Makino: Being taken out by teammate "unbelievable"
Tadasuke Makino says he couldn't believe it when he realised his Nakajima Racing teammate Toshiki Oyu was to blame for being eliminated at the first corner of last weekend's Okayama Super Formula round.
Saturday practice pacesetter Makino started Sunday's race from fourth on the grid, one spot ahead of Oyu, and looked set to move up into the podium positions as he swept by a slow-starting Ritomo Miyata off the line.
But any hopes of a first top-three Super Formula result came to an end moments later when Oyu locked up under braking for Turn 1, piling into the back of his teammate.
Makino's car then took out Sacha Fenestraz, who had started third, with the pair eliminated from the race on the spot and forced to trudge back to the pits.
Oyu meanwhile was able to continue after pitting for a new front wing, albeit being handed a drive-through penalty for causing the melee.
Makino told Motorsport.com the incident was especially frustrating because his pace in the pre-race warm-up session suggested a podium was on the cards.
"In the beginning I didn’t know what happened, just that somebody had hit me and I spun," recalled Makino. "Then I saw the replay and I saw Oyu hit me. Unbelievable.
"I had a really good start, and the race pace looked good. In warm-up I was using a tyre already with 20 laps on it, and with a full tank. I felt good, much better than in Motegi.
Asked if felt a first podium was possible, he replied: "I think so. Really frustrating."
Fenestraz, who qualified third, was equally critical of Oyu, labelling him "too aggressive".
"I don’t know what Oyu was trying to do," Fenestraz told Motorsport.com. "He was very far back. He didn’t just outbrake himself by a little, it was by a lot. You can tell from the video. He ruined his own race and his own teammate’s race.
"He came to say sorry which is good. It looks like sometimes he is too aggressive, last year in F3 sometimes you could see it as well. It’s a shame, we had a big chance today."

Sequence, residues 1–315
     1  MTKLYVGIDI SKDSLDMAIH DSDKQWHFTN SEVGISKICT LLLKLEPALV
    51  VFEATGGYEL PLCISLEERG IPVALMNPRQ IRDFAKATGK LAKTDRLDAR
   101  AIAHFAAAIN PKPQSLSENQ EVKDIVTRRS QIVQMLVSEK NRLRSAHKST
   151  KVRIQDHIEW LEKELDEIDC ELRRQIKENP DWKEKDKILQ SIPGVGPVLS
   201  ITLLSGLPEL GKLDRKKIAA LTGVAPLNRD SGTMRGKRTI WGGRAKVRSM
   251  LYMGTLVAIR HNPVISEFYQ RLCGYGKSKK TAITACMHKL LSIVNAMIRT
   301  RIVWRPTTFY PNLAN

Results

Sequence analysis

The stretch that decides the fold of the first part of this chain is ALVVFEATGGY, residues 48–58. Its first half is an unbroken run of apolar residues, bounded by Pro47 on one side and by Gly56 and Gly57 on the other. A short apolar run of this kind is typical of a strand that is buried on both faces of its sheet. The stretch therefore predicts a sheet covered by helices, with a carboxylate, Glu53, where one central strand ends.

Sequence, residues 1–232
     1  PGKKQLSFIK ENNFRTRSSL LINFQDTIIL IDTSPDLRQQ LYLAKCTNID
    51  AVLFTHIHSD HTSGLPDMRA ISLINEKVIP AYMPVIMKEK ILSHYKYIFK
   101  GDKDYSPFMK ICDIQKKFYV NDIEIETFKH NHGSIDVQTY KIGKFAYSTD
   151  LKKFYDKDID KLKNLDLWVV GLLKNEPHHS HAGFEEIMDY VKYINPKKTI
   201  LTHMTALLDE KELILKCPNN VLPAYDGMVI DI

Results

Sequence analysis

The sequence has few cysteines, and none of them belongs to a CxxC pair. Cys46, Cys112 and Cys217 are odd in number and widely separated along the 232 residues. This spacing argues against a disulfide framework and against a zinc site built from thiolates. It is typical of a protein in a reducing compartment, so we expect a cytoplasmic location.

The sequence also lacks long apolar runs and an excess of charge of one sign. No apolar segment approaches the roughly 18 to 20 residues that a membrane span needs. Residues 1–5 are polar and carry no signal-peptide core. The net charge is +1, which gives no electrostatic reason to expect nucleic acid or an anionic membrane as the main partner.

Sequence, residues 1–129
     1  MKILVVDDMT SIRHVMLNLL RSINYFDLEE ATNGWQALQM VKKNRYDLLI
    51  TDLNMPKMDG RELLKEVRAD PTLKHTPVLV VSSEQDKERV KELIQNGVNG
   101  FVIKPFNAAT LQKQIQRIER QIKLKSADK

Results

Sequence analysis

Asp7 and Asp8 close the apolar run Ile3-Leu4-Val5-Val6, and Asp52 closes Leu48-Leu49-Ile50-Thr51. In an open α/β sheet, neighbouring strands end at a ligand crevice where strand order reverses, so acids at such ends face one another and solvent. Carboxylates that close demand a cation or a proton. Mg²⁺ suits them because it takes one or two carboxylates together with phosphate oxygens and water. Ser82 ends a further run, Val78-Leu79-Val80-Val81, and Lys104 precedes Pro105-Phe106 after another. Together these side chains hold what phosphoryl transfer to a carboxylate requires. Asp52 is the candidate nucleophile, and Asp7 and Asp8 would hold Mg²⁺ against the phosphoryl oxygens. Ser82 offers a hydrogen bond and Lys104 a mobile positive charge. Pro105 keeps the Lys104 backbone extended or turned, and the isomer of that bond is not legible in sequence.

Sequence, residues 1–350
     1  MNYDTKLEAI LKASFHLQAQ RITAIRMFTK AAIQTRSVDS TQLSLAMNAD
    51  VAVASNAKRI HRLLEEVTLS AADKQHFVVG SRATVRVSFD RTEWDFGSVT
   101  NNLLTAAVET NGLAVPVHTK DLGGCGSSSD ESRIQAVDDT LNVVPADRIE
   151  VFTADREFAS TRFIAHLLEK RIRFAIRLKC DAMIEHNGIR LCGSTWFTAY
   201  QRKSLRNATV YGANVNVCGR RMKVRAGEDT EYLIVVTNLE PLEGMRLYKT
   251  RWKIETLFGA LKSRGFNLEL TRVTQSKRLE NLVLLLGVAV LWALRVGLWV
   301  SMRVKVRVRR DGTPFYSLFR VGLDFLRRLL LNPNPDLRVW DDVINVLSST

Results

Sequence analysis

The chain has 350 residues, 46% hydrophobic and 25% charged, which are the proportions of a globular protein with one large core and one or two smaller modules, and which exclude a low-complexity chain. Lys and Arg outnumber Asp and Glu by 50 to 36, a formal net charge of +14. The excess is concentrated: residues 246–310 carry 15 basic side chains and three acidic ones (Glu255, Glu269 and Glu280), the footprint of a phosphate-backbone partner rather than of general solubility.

For his part, Oyu admitted fault for what he simply described as a "braking mistake".
"It seemed like my teammate Makino and Sacha were both going to have good races, and so I feel very sorry for ruining that," said the rookie, who went on to finish 15th.
With Kenta Yamashita's replacement Sena Sakaguchi having already crashed out on the formation lap, which led to the start being delayed, the Turn 1 crash effectively signified the end of the weekend for Kondo Racing.
"It was heart-breaking to see the team packing up already after two laps," Fenestraz said. "That was more painful than the crash. In my crash, I couldn’t do anything.
"It’s a shame for Sena, he just spun. But when it's your first time in this car, these things can happen. It’s easy to do, the turbo is quite aggressive."
Sacha Fenestraz, Kondo Racing
Photo by: Masahide Kamio
Cassidy laments the "win that got away" at Okayama
Super Formula drivers pushed for return of pitstops
Honda junior drivers racing in Formula 2 has become a regular sight in recent years, but eight years ago the Japanese marque made a rather left-field choice for its first driver to send to race in the F1 support series.
Ex-Formula 1 racer Roberto Merhi will contest next week’s final round of the Super Formula Lights season at Okayama as he targets a drive in Super Formula for 2023.
Team Mugen driver Ukyo Sasahara is convinced he would have been part of this year's Super Formula title battle without some of the bad luck he has encountered this season.
The fact that new Nissan Formula E signing Sacha Fenestraz is pushing to stay in Japan next season is great news for fans of Super Formula and SUPER GT, even if calendar clashes mean he won't be contending for either title next year.